TAMPA — Struggling students at New Tampa's Liberty Middle School used to pass the day in relative anonymity.
No more, said Antonio Bradford, the school's success coach.
"When I'm looking outside my office and I see kids walking by, I know them," he said.
Bradford is among dozens of foot soldiers in a yearlong effort to bolster the safety net for kids who are at risk of dropping out of school.
Dubbed the "Student Success Program," the experiment has passed its first year with increased resources and largely encouraging results.
"It's incredible, in one year, the work we are doing to support kids," said Shaylia McRae, director of the program.
Attendance and behavior have improved, according to data on 5,574 middle and high school students, which compares the first report card quarter of this year with the first quarter of 2014.
Academic progress is mixed, with middle school students showing slightly lower grades and high school students getting higher grades. Overall, grade point averages increased for 58 percent of the students.
"It's hard to compare last year to this year because kids grow in rigor," McRae said.
And because grade point averages are cumulative, she said, "they don't move so quickly. Discipline is something you can see right away and fix right away."
Former superintendent MaryEllen Elia unveiled the success program in 2014, around the time the U.S. Department of Education's Office of Civil Rights initiated an investigation into allegations of racial discrimination in the school district.
That investigation is still under way.
But district officials said work on the student success program predated the federal inquiry.
The idea was to identify the 100 most at-risk students in every middle and high school, based on issues that included attendance, grades and behavior.
Dropout-prevention specialists were renamed success coaches, to set a more encouraging tone. They were asked to collaborate with counselors and administrators.
The at-risk group was 57 percent male. Ethnically, 35 percent were Hispanic, which matches the overall district population. Black students made up 34 percent — compared with 21 percent for the district — and white students accounted for 24 percent, compared with 35 percent districtwide.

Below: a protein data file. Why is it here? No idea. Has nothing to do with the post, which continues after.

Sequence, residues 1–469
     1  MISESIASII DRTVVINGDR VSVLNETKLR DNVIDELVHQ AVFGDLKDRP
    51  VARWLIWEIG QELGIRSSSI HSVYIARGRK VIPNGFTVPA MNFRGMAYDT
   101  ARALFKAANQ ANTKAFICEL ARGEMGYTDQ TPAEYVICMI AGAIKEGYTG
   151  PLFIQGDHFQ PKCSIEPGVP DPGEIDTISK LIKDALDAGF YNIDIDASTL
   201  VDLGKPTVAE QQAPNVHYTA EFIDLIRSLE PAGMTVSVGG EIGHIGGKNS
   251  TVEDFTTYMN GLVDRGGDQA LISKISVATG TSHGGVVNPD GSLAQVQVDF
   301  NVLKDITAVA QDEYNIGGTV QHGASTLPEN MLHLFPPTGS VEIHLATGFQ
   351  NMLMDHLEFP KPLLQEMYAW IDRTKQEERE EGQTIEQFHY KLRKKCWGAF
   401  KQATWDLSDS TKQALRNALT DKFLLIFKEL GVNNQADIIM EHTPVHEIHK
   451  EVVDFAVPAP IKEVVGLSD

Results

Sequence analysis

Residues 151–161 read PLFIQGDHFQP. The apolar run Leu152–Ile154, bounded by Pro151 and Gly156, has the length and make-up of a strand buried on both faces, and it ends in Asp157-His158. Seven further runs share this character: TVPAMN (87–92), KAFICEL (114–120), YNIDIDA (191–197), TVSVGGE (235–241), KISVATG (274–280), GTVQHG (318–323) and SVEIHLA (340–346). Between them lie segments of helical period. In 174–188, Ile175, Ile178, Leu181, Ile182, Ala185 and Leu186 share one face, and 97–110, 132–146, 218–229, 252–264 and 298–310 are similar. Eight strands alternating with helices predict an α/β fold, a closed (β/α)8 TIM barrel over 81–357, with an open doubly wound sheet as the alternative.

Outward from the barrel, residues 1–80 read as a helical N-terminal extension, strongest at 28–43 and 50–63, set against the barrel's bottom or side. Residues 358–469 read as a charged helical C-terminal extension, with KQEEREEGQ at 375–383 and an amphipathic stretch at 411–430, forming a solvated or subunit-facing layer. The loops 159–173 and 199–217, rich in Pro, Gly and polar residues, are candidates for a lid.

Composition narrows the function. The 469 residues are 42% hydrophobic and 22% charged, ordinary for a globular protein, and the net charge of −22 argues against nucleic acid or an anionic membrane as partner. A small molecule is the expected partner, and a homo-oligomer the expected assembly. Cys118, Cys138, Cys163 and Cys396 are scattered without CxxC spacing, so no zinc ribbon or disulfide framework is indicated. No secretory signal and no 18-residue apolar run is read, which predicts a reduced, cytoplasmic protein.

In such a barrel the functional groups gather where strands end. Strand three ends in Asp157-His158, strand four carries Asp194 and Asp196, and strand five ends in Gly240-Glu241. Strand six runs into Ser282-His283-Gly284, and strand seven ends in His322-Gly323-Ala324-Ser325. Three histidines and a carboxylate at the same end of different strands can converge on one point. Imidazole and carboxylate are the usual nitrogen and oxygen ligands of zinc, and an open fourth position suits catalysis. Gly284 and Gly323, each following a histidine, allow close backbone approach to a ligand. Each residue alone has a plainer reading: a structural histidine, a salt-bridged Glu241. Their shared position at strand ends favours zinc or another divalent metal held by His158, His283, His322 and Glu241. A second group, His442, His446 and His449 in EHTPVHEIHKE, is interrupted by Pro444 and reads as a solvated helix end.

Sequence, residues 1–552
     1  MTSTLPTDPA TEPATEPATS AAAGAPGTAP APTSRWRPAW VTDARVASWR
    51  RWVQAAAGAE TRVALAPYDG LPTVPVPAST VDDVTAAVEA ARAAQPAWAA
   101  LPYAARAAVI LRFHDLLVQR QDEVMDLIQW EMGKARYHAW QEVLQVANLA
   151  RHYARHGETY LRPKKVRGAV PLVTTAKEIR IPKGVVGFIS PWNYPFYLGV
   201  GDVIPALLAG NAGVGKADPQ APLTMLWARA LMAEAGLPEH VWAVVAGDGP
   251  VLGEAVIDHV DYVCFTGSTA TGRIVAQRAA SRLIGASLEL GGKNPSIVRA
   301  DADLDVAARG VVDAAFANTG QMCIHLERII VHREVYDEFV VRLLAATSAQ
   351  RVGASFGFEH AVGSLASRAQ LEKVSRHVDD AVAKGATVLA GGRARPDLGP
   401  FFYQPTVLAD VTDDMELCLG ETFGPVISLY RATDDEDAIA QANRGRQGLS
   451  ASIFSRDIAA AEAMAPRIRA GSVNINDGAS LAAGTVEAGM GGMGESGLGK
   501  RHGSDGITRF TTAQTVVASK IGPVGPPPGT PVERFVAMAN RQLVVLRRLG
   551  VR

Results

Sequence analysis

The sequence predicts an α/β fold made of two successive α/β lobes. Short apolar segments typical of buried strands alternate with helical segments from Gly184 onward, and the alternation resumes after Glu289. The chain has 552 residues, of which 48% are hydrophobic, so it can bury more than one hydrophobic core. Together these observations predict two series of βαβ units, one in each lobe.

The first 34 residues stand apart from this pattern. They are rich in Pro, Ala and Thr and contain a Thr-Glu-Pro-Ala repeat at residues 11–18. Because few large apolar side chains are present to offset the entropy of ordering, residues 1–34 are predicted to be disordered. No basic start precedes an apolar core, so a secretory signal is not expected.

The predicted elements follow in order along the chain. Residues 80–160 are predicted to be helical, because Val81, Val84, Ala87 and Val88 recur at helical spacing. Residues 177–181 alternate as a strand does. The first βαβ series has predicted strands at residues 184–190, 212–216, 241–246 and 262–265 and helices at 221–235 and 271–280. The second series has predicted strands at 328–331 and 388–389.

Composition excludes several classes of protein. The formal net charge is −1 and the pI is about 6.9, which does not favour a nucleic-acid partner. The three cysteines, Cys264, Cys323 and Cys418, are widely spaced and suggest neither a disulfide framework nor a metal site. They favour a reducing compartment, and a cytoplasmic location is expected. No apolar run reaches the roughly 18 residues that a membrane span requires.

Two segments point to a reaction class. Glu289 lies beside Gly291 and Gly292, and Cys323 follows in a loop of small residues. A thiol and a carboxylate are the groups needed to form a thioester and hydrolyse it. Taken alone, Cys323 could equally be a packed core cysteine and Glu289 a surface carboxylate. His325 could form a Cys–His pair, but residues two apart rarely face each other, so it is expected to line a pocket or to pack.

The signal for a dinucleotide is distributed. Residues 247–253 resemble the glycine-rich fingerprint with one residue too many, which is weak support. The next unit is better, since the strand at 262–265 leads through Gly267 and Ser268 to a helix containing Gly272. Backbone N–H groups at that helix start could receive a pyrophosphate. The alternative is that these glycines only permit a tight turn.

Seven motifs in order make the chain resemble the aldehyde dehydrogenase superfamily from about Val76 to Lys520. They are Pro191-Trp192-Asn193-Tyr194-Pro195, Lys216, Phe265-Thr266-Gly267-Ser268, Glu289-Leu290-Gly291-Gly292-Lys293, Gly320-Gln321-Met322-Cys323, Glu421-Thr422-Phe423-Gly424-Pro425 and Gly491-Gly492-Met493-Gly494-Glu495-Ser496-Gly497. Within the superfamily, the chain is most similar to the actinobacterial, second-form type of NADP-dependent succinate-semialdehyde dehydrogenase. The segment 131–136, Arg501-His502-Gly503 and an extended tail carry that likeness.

The program has since been enhanced to include training and screening for the success coaches. The number of schools involved has grown to 57 from 53.
Separately, the district is preparing to name eight to 10 "priority" schools that, because of poverty and other challenges, will receive additional attention beginning in the 2016-17 school year.
Sligh Middle School, just south of Sulphur Springs, was the first to receive that distinction. It has two success coaches.
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At a training session Thursday, coaches examined the first-quarter data, programwide and school by school.
The 81 percent decrease in referrals was the most dramatic, although that was likely affected by a new district emphasis on avoiding suspensions.
The data also showed a 63 percent improvement in attendance.
Academic results were mixed, with 58 percent of all students improving, but only 45 percent of middle school students.
Even using grade point averages, that result is the hardest result to measure, McRae said. For one thing, a student might be learning more in a tougher class, even though the grade doesn't reflect it.
Or the opposite can happen.
"I have kids with a reading teacher on maternity leave, a vacancy in algebra 1 and a vacancy in biology," said King High School success coach Tammy Crawford-Morse. "The kids are getting hundreds on busy work and failing their assessments because they have not been taught."
She has also noticed kids are skipping class when they're taught by substitutes, "which also affects my discipline."
More often, the coaches said, they contend with students who have overwhelming challenges outside school or who are trying to bring their averages up after years of failing grades.
The coaches develop detailed plans for the students while using social work and frank conversation about the strategies they will need to get on track.
"We are there to offer that consistent support of a person who's really looking out for them," McRae said.
Contact Marlene Sokol at (813) 226-3356 or firstname.lastname@example.org. Follow @marlenesokol